AGILE DATA SCIENCE ITERATION 0: The Simple Solution

This is the third post of the Agile Data Science Iteration 0 series:

Previously

What we have achieved so far (see previous posts above):

  1. Rigorous definition of the business problem we are attempting to solve and why it is important
  2. Define your objective acceptance criteria
  3. Develop the validation framework (ergo, the acceptance test)
  4. Stop thinking, start googling!
  5. Gather initial dataset into proper infrastructure
  6. Initial Exploratory Data Analysis (EDA) targeted to understanding the underlying dataset

At this stage you should have a clear statement of what problem you are trying to solve and how you can objectively measure the quality of any possible solution regardless of what the final implementation will be. You have an initial background of state of the arts and an understanding of what the data look like.  You can now implement your first simple solution to the problem.

The Basic Solution

7. Define and quickly develop the simplest solution to the problem

The challenge here is “Are you able to implement a basic solution that solve the end-to-end goal (not necessary with the required quality) in a few days?”.

Before trying to think of very scalable algorithms or advanced modelling techniques, have you thought about a simples rules classifier? What if you can easily predict if an user is about to default his bank loan by simply looking at difference between how much is his earning and spending in the past 3 months and come out with a rule like “if that amount is less than X than the user is very likely to default”.

Maybe you spent 3 days of analysis and 2 days of development and you solved your problem even before to start it! Or maybe is not good enough but now you have got a basis to compare when you analyse the risk of continuing in this project at each iteration by comparing with what could be achieved in just 5 days of work.

8. Release/demo first basic solution

What would be more agile than releasing and demoing the basic solution? Never under-estimate the value of feedback and how your mind can focus on the next big thing given that everything done so far is checkpointed and reviewed.

Now you have got a quick and simple solution that does try to solve the business goal even if it might be not accurate yet. It could, but not necessary,  is your MVP. That depends on if the acceptance criteria are fulfilled or not.
What is important is that you have spent just a few days and you have got something to deliver and demoing. This will give you the following benefits:

  • trustiness with your stakeholder that you can deliver quickly
  • first set of feedback
  • inspiration for further improvements
  • baseline for comparison

You have all of the knowledge to start preparing your solution proposal.

The Proposal Preparation

9. Research of background for ways to improve the basic solution

Now you clearly now what goal you want to achieve, what minimum requirements to meet, what the data looks like, what basic solution to compare to. This is the right time for doing some deeper research of better ways of solving the problem by using more advanced techniques, domain specific knowledge and/or additional datasets.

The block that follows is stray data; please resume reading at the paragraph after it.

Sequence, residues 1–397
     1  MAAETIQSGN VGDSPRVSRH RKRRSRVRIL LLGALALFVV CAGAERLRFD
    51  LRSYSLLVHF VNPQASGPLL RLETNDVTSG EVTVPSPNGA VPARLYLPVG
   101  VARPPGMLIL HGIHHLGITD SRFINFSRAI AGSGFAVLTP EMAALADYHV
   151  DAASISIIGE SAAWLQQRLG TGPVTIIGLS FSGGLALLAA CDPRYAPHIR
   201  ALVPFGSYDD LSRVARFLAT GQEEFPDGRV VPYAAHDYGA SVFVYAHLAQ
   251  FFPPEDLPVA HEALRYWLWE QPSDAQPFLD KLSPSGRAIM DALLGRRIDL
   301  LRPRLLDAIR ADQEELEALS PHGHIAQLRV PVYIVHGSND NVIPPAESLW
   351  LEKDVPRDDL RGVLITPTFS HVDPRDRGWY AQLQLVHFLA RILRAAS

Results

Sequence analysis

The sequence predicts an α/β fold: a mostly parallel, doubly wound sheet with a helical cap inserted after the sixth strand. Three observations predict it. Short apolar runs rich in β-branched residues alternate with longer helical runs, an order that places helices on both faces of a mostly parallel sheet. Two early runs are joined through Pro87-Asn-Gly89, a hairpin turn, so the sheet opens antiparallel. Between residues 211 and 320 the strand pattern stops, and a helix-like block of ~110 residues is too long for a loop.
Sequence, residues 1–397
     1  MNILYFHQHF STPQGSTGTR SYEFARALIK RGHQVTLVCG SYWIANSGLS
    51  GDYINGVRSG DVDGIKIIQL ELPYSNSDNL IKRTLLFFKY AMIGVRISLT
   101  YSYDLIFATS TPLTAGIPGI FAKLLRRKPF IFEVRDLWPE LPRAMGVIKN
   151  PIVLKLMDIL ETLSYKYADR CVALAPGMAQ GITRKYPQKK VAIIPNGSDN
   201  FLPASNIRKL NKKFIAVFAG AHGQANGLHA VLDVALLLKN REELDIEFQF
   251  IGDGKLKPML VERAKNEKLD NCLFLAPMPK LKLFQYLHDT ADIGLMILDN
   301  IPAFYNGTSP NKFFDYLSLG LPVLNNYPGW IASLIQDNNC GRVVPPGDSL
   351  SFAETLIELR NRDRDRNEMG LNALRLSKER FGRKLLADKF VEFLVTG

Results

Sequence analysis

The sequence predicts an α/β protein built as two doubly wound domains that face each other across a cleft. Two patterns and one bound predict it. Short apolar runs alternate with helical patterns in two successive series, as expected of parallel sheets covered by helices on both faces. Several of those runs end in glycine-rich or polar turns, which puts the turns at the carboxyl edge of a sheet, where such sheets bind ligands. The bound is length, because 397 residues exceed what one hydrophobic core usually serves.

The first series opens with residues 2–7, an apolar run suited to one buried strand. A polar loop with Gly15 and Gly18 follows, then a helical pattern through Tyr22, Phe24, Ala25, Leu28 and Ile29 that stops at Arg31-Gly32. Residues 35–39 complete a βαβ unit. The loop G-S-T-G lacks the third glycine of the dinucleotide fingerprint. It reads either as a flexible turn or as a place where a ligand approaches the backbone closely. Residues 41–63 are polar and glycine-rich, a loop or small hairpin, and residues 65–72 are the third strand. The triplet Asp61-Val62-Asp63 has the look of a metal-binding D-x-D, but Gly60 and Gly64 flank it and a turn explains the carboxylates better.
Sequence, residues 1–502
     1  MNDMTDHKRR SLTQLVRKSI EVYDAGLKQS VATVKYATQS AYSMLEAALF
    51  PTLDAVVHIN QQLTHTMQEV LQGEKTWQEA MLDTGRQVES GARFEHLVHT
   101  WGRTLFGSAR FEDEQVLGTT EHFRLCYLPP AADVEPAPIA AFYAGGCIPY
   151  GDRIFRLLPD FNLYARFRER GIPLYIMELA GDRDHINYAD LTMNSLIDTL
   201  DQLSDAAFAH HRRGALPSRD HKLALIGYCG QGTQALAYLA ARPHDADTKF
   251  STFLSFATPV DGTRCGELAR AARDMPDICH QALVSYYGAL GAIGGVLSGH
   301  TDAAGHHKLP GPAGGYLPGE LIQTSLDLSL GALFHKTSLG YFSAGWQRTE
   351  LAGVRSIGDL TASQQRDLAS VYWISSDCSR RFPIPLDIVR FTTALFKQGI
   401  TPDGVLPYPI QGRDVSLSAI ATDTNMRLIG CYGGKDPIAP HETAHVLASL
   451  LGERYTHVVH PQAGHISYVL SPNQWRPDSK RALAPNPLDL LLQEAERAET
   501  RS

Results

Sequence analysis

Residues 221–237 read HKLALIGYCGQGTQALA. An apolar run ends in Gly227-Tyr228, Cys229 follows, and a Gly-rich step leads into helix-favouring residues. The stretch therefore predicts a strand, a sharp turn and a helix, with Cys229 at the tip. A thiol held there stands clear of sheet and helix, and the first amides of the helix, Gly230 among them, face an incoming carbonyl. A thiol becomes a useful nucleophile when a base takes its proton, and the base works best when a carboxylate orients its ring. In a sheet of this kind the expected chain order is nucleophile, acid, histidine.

10. Gather additional data into proper infrastructure (if required)

Like 5) but only if additional data is required by the current proposal.

11. Ad-hoc Exploratory Data Analysis (EDA)

At this stage the EDA is targeting explicitly to extracting knowledge related to the improved solution to propose.

12. Propose better solution minimising potential risks and marginal gain

Because you know have a comparison baseline, you should prefer quantifying the incremental benefit of your model rather than its absolute evaluation and try to trade off the additional complexity with the potential value gain.

At this stage you should most of the requirements defined. You have probably changed your mind different times as you were researching about the problem and re-scoping it into smaller problems. You now know what has to be implemented for your first MVP.

***

Details of how to structure your ETL will follow on the next post of the “Agile Data Science Iteration 0” series, stay tuned.
Meanwhile, why not sharing or commenting below?

The Initial Investigation << prev | next >> The ETL

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About Gianmario

Data Scientist with experience on building data-driven solutions and analytics for real business problems. His main focus is on scaling machine learning algorithms over distributed systems. Co-author of the Agile Manifesto for Data Science (datasciencemanifesto.com), he loves evangelising his passion for best practices and effective methodologies amongst the data geeks community.
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5 Responses to AGILE DATA SCIENCE ITERATION 0: The Simple Solution

  1. Pingback: Agile Data Science Iteration 0: The Initial Investigation | Vademecum of Practical Data Science

  2. Pingback: Agile Data Science Iteration 0: The Evaluation Strategy | Vademecum of Practical Data Science

  3. Pingback: Agile Data Science Iteration 0: The ETL | Vademecum of Practical Data Science

  4. Pingback: Agile Data Science Iteration 0: The Hypothesis-Driven Analysis | Vademecum of Practical Data Science

  5. Pingback: The complete 18 steps to start a new Agile Data Science project | Vademecum of Practical Data Science

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